Back in June, Frieda and I visited Boston and stayed with E_____ G______. During that time, a promise was made (freely, with no persuasion or trickery by E_____) that I would make her a skirt like one that I had brought with me. My skirt was tone-on-tone black, with a ruffle made from goldfish fabric. I thought that E____ might like something a little less fishy, so I made hers with peony fabric on the ruffle. The black is different, it's from a collection of fabric that's called something like "Circus Time", but is a pretty subtle dot print. The pattern is pretty simple, although the French seams really slowed down the process. Mostly because they involve a lot of very close ironing, resulting in scorched fingers pretty much every time I worked on it.

It goes in the mail on Monday, E____!

On another topic, I'm planning to go and see the Beastie Boys in Las Vegas on Oct. 23--anyone else interested? I think that the tickets might be sold out now, but there are always scalpers.

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Wednesday, October 11, 2006

Dormant Work in Progress: The Stripey Scarf

I started this scarf last winter, it was meant to be a Christmas 2005 gift, or maybe it was a birthday present in the early part of 2006. I don't really remember. And I don't remember offhand what the rib pattern was, although I know I have it written down somewhere and that it came from this book. The yarn is Classic Elite Inca Alpaca, which I've used before in a very nice VERY LARGE shawl. That shawl was only one color, however, so there weren't so many ends to weave in. I read some sage advice today from Yarn Harlot's book about weaving ends in as you go, in order to prevent NOT EVER weaving them in, and I think that I should take this advice. The plan is for the rest of the scarf is to continue in grey until I have about a skein left, and then reverse the order of the stripes so that the ends match. I am still on board with this plan, although I'm worried that I'll lose the paper with the tick-marks on it, and then the ends will never ever match.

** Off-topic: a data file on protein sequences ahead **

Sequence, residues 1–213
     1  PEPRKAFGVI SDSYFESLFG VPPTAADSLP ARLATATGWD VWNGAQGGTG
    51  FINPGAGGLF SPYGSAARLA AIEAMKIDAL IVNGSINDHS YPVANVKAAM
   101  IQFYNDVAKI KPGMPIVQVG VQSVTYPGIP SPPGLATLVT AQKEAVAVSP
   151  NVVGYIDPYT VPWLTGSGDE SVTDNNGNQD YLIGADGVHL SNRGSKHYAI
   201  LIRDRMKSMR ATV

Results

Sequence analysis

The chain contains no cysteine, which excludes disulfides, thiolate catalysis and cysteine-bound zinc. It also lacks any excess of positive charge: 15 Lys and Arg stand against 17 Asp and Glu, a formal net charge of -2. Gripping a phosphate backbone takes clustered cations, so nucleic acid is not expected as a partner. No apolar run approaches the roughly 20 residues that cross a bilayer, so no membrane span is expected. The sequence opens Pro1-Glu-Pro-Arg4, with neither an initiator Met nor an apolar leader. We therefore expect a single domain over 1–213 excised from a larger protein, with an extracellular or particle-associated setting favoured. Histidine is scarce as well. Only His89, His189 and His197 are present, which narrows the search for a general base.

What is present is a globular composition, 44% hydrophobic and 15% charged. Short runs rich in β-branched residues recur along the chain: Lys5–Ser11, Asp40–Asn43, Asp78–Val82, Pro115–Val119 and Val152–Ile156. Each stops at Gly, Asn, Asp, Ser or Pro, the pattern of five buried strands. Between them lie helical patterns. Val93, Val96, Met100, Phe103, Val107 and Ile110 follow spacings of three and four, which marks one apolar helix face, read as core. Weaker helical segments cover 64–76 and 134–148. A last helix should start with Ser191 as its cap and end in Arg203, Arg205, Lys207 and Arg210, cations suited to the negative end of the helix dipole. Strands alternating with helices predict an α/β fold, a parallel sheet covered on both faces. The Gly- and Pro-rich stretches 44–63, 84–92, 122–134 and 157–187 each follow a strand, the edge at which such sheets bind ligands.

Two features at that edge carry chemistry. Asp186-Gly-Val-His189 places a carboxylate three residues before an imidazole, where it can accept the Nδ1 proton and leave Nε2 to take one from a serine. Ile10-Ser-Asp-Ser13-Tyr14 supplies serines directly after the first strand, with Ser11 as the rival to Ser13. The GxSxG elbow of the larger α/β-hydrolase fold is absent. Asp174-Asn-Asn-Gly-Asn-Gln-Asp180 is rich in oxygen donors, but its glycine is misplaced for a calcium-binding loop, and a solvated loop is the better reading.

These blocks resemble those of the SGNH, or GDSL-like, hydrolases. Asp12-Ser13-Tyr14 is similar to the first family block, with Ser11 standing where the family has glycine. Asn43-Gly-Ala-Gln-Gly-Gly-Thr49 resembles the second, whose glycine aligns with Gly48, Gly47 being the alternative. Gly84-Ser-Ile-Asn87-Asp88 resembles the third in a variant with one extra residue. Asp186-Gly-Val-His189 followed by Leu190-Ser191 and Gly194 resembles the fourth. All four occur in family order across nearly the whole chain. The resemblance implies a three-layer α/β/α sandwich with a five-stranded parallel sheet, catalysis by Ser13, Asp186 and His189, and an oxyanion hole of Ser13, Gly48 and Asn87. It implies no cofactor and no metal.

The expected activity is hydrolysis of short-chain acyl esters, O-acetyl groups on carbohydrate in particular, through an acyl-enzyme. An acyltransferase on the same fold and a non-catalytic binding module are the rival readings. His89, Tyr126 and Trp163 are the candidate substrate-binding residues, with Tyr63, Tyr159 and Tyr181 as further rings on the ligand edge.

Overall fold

Here are some closeups:

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Tuesday, October 10, 2006

Christine, We Hardly Knew Ye

Out in the mail today, the second pair of Death Socks. I'm still alive, as is my assassin. How much longer can this go on???

Isn't the yarn beautiful? I would have liked to have kept them, but they are on their way to kill, kill, kill. The socks will have traveled about 4700 miles in their deadly journey by the time they reach their target.

I'm a little concerned that one is slightly smaller than the other, being knit by different people (Kate knit 1 and an inch or so of the 2nd). But the difference isn't enough to have merited a needle change, and will probably not be noticeable once they're worn--it's only apparent when the socks are stacked on top of each other.

I finished the socks (or to be fair, sock) on Sunday, but due to the mail holiday on Monday they didn't go out until this morning. With all of that extra time, I packaged them up nice. I borrowed the yarn graphic from Kate's Etsy Shop.

One last photo for today:
Frieda, the Beached Whale.

Sunday, October 08, 2006

Skulls, Sox, French Seams

It's almost Halloween!!!! Time to start a bunch of different Halloween crafts, and see if any end up finished. Also time to break out my Day of the Dead bag, which I made a few years ago. It's still perfect for this time of the year.